Gabra did better with the women's voices. The main male character sounded too whiney in the voice she gave him. It portrayed him more as a childish whiner than as a troubled "special". But I liked her voice very much and would love to here it in other strong female lead sci fi. I loved her portrayal of the main female older self.
No. It was too slow in the first third and too long at 36 hours.
If you are not one to explore deep subjects, then avoid this book. If you want to hear thoughts on a very deep subject we are just starting into, this is a good listen, not a great one, but solid.
It needed to move a lot faster and give the characters a little more dimension. Justin, for instance, is very important to the story's development and resolution, and yet for parts 1 through four, all he does is moan "Oh, God" about his troubles without actually addressing them.
The resolution or "punch line" of the mystery was obvious from the first 50 pages or so. I almost felt insulted that it supposedly was the big "wrapup" to the novel.
Jonathan Davis' reading of the computer library transcripts was ok. Gabra Zackman did fine with female characters but fell short with most of the males, especially "Uncle Dennis", who I found to be almost a caricature of an elderly gentleman.
I have read probably 20 books by this author, but this was the first time I tried an audiobook. Even with it sped up, I found the pace dreadfully slow and the final resolution of the book to be totally unsurprising. Maybe CJ Cherryh is someone I should stick with in print where I can skim when it gets too slow ....
Always looking for twists in a story that surprise me!!!!
Yes, I will as new ones are brought to audio books. I've listened to most that are already available in audio format. There are several classics that I would love to see recorded. Can't remember titles after a number of years but she had written a series many years ago about a female warrior and her companion. Great series.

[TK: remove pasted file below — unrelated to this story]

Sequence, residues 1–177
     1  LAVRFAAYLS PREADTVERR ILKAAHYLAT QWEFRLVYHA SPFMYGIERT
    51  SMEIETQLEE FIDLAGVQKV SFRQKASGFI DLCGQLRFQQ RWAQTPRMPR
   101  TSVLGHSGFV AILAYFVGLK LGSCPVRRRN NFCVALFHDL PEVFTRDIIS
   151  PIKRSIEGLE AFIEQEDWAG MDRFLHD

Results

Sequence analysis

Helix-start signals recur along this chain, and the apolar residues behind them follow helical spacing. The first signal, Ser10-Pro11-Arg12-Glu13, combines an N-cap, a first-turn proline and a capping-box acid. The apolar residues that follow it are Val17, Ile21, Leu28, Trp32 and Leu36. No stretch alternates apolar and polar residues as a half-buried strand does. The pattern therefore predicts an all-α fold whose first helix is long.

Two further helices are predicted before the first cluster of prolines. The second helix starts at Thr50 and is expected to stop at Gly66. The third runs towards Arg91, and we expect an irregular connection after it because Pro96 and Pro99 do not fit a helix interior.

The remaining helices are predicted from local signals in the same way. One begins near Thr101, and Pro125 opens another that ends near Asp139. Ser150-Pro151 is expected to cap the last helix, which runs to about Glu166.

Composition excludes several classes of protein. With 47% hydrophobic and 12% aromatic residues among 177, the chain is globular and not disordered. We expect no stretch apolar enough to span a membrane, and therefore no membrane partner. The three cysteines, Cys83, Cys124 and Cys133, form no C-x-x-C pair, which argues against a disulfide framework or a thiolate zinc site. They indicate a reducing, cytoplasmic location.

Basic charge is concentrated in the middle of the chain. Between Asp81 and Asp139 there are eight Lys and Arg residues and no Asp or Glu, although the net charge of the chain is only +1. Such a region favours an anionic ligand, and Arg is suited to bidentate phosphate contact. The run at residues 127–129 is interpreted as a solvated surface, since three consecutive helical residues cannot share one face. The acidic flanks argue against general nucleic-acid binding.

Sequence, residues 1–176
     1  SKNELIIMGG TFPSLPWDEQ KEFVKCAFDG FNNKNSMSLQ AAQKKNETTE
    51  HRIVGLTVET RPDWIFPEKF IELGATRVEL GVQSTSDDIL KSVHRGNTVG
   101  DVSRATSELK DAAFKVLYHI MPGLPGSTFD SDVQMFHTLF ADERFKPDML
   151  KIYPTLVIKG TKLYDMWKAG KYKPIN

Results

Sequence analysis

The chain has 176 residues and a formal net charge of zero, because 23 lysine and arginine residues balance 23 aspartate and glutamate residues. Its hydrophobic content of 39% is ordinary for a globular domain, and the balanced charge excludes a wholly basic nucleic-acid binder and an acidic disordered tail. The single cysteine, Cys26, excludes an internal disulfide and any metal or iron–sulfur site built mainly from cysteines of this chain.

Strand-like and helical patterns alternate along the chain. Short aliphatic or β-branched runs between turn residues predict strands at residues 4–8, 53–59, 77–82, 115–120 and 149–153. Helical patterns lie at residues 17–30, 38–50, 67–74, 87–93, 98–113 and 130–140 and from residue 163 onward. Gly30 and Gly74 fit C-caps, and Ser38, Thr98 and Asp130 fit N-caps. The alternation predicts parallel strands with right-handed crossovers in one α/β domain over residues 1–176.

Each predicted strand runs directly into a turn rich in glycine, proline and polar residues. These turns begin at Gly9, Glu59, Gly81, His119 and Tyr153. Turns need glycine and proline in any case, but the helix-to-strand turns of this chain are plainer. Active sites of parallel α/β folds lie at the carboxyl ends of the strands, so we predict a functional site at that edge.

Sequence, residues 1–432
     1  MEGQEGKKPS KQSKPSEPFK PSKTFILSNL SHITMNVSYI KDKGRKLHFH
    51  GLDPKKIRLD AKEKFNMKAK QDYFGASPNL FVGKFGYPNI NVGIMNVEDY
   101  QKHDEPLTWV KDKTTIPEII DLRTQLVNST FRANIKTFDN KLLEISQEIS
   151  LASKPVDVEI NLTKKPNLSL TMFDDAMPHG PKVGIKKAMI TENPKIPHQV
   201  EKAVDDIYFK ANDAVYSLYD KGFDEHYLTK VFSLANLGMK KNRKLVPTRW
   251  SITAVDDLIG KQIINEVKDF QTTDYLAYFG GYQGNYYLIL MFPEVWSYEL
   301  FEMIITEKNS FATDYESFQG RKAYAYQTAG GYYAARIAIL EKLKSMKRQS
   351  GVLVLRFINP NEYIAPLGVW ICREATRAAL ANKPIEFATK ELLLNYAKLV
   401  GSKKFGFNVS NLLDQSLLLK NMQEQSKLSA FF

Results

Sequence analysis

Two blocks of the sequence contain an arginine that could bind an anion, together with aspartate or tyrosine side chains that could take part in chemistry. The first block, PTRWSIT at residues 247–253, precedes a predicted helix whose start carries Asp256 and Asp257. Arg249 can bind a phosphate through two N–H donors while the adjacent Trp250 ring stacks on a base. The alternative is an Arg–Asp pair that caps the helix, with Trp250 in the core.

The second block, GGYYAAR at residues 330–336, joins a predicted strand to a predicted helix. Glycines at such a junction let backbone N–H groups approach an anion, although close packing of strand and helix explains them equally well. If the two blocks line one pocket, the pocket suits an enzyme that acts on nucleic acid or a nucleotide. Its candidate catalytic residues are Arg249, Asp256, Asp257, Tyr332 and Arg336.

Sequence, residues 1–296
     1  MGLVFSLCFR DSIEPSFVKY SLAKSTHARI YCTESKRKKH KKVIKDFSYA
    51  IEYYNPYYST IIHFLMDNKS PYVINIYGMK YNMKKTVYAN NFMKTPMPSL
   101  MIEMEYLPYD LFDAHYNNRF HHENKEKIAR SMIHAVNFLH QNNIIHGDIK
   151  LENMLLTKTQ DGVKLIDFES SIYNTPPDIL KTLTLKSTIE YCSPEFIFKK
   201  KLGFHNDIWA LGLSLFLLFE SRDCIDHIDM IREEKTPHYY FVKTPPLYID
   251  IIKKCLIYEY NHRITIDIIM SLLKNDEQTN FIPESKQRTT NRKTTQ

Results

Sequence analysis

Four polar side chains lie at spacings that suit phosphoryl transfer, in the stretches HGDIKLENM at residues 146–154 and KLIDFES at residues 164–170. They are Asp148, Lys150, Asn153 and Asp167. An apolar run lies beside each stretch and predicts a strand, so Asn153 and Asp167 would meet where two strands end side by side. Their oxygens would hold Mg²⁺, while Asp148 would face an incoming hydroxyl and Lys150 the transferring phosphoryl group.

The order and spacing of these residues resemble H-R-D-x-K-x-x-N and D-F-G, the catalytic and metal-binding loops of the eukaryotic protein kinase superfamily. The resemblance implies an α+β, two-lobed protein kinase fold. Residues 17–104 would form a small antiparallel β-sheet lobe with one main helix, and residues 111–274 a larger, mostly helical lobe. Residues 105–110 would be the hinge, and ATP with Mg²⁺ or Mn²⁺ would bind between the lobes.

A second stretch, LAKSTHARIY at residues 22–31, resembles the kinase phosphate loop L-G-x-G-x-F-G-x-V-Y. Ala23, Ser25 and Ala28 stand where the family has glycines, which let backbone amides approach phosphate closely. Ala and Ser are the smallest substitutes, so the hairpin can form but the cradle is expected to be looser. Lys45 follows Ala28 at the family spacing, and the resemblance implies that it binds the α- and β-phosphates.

The many things that I like about all of Cherryh's writings. A believable futuristic society; well-developed, sympathetic characters and interesting aliens.
If a narrator is good you are caught up in the story and not derailed by the narrator's voice or speech characteristics. Both of these narrators had me listening to the tale without thinking about their voices.
Cyteen is an excellent title for a movie as well as the book.
I read this story many years ago shortly after reading Downbelow Station and a few of the other, related novels in the Alliance Space universe. The world depicted in Cyteen made a nice contrast with the other societies created by Cherryh. But listening to it by itself, I found the story excrutiatingly slow with very little plot. If you are an Asimov fan, this book will put you to sleep. If you prefer Heinlein, you might like the introspective nature of the book. I recently purchased the sequel to this book (Regenesis), and I doubt I will give it a try. Of the related novels, I most enjoyed Merchanter's Luck.
I'm a bibliophile since early childhood. Love speculative fiction, odd premises, mystery novels that teach about different places and times.
I dearly love this book for all the hard questions it asks about nature vs nurture. It's one of Cherryh's very best out of so many excellent books. I think its' harder to sit down with a trilogy, which is how it was first written, all in one lump.
The politics are a huge part of it, but I was much more fascinated with what makes us who we are, and how our agonies form us into something perhaps more able, more strong.
I'm hoping for audible to cover more of Cherryh's work
"Soporific boring start"
Although well read, this book sent me to sleep within fifteen minutes or so, I tried several times to listen to it.
The start of the book was so boring! I like at least a little interesting action at the beginning of a book to keep my interest.
I realise a foundation must be set out to give the story structure, but if it make you sleepy then it's not for me. I guess some would love the political type boring banter it starts with.
"Value for money"
I wouldn't class this as a murder mystery at all and it never really gets to where you want it to go. Some of the more fascinating aspects are never explored while others get way too much attention.
However, as a concept it's great, tells a good story and the character development is fantastic. Overall very good value for money
Please don't download it is the worst book I've downloaded. There is little story and... well I managed about 3 hours before closing it